Tuesday, March 28, 2006

the science of criminal responsibility

An early posting of mine on this blog was about science in courtrooms, and an interesting controversy regarding the role of expert witnesses and judges' ability to prevent their testimony. A related and very interesting issue was the topic of a commentary in a recent issue of the journal Nature Reviews Neuroscience. In this commentary, Nigel Eastman (Chair in Law and the Ethics of Psychiatry at the University of London) and Colin Campbell (Institute of Psychiatry at King's College London) discuss the complicated relationship between scientific studies of criminal behavior and legal questions of criminal responsibility and the likelihood of criminal behavior. I found it very intruiging, and an example of the complications when scientific research is applied to something subjective (law) instead of objective (health, engineering).

Their primary point is that the type of "questions that the courts and society wish answered and those that neuroscience [can answer]" are not the same. Those questions "fall into two broad domains, 'determining guilt' and 'predicting and preventing re-offending'." In both cases, the answers that neuroscience (and cognitive science more generally) can give are, in some sense, inappropriate for legal cases. I'd urge interested readers to read the whole paper, which is very clearly written, and (aside from a few fMRI images) is not technical at all. To whet your appetite, here are some selected quotes from the article on particular topics.

On determinism and culpability:
However, even if science does develop to show correlations of particular genes, or types of brain state, with aggression, will that necessarily infer diminished or absent moral or criminal culpability? (p 311)

Such questions draw us into fundamental questions of philosophy, of Cartesian dualism versus scientific determinism... (p 311)

Unlike the forensic pathologist, who offers evidence that merely contributes to a factual finding that the law then 'uses' towards determining some ultimate issue, the forensic psychiatrist offers evidence that can come close to commenting on whether the defendant had the required intention for the crime of which he or she is accused. (p 312)

Indeed, some might say that, were we to achieve such a level of biological understanding of ourselves, we would have 'biologically explained away personhood', and have subsumed both legal and moral responsibility into biology. (p 317)
Cognitive scientists seek to explain large patterns of behavior with (relatively) simple rules. If we can explain why someone commits a crime by accounting for their behavior in their genetics, or their experiences, or even just by pinpointing what in their brain state allows (say) violence, does that mean that the accused no longer has free will in the matter, did not choose to act criminally, and is thus not culpable?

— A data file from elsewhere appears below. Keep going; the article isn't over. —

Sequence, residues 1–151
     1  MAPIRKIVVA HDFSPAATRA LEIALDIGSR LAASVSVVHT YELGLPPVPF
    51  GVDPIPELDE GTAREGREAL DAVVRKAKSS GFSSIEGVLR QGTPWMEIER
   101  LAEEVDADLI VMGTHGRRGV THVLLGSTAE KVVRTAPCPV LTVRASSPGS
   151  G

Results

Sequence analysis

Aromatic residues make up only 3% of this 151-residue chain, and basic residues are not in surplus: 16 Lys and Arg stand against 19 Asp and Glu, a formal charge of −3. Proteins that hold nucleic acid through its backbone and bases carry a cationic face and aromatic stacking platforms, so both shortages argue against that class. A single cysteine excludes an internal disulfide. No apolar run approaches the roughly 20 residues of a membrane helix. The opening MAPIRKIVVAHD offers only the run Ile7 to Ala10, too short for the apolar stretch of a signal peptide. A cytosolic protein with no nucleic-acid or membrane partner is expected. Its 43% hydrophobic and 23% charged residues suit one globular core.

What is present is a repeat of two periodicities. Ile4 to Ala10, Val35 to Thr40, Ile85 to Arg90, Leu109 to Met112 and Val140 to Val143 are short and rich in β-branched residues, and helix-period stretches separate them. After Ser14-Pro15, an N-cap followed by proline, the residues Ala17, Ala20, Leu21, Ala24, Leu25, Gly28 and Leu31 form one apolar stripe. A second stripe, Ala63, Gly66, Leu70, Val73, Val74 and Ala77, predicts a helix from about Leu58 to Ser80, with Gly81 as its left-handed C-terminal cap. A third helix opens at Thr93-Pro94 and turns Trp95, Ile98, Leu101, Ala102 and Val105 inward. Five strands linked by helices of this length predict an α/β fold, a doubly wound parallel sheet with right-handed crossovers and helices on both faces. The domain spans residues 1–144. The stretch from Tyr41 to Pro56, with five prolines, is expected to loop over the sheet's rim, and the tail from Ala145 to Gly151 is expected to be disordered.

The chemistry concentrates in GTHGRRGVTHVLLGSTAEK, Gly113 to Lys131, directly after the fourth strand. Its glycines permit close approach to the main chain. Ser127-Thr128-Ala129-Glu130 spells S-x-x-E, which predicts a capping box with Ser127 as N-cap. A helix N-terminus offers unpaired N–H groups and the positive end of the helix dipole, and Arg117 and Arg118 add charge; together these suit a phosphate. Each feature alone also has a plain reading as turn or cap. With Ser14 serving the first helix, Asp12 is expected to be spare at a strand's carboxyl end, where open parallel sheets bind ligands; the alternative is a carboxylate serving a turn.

On law on its own terms:
Law is ultimately pragmatic. It directly addresses difficult moral questions on the basis that it must somehow offer answers, derived and expressed in its own terms. (p 312)

In law, there is no such thing as 'real' mental disorder, only definitions of it that are adopted for purposes that usually have nothing to do with medical constructions of mental disorder per se. (p 312)

...science describes things in being, while law applies artifices to determine abstract justice. (p 314)
If we allow that criminal responsibility is defined socially, and cannot be reduced to scientific notions of volition, how do we allow science, as it progresses, to inform this social construct that uses its own notion of truth (and justice)?

On individuals in law versus populations in science:
Of course, such an aggregate approach runs fundamentally counter to the law's 'individual' approach to justice. Therefore, defendants are not sentenced on the basis of their being a member of a class of individuals with given probabilities of offending in particular ways, but on the basis of what they have done and who they are. And this implies that the criminologist or epidemiologist can, and should, never help. (p 315)

However, faced with a choice between biology-based evidence (that is more scientifically reliable but less informative about the individual) and psychology-based evidence (that is more informative but less scientificaly reliable), a court is likely to choose the latter. In doing so, the court will feel more at home, as, on a daily basis, courts are used to constructing their own 'understanding' of defendants... (p 316)
Although civil law can deal with notions of fractional responsibility, criminal law is by and large black and white. Guilty or not guilty. But science (at every level) is about probabilities, and interactions, and general rules about populations. What kinds of science will need to advance to address the very narrow questions of individual guilt that the law needs to know about?

Interesting things to consider as our understanding of the brain gets better year by year...



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